The Utility of Not Voting

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I’ve started listening to Penn’s Sunday School podcast on my way to work in the morning. I enjoyed his previous radio show, and I’m enjoying this one too. Recently, he had Bill Nye on the show. The topic of climate change came up, as you might expect with The Science Guy. Bill made the point that if you care about climate change, this upcoming election is really important. One party (which he did not name in the show, but I will: the Republicans) actively oppose responsible approaches to climate change and the other doesn’t so much. He went further to state that voting for a third party is just throwing your vote away.

Penn on the other hand advocates not voting at all. “The only way you can waste your vote is to vote.” Voting for the lesser of two evils just perpetuates the evil. It occurred to me that this doesn’t hold up even to Penn’s self-admittedly nutty standards of argument. A quick web search shows that for presidential elections, the US turnout has been only about 50-60% for the past fifty years. Splitting up the voters roughly evenly between the two major parties, we find that a plurality of voting-age Americans has taken Penn’s position for at least half a century.

And nothing has changed. There is no sign that the two evils have weakened any by this lack of participation by Penn and those who act like him.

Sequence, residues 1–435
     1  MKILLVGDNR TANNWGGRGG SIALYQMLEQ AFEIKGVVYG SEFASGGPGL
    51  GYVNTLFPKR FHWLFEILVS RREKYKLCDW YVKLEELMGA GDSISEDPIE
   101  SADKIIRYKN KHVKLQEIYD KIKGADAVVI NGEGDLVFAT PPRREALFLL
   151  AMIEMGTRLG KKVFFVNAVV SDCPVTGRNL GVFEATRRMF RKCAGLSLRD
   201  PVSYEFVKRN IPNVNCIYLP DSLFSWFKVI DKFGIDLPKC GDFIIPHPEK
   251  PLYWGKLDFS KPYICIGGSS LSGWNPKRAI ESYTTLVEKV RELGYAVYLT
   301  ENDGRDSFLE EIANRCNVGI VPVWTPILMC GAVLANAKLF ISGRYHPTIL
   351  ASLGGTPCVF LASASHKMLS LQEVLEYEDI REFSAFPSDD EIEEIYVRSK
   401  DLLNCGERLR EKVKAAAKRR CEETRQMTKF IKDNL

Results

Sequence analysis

I think it's fairly easy to see why. (Well, in all honesty, I should say that it’s easy to speculate why. If any of my poli-sci readers can point me to more rigorous studies, I’d love to read them.) Firmly removing yourself from the voting pool like this is not something that the two major parties are really concerned with. Sometimes, they like to help you out. In the game theoretic view of the election, a candidate really only needs to concern themselves with pleasing voters that can be persuaded to vote for them. Otherwise, they would prefer that you not vote at all or “throw your vote” away on a non-viable third party candidate to deny the viable competitor a vote.

Non-voters just become one less advertising dollar candidates have to spend and one less opinion they have to pay attention to. Non-voters are just helping them out and getting nothing in return.

And with that reminder, I now go submit my absentee ballot request. Thank you, Texas, for letting me send it by email.

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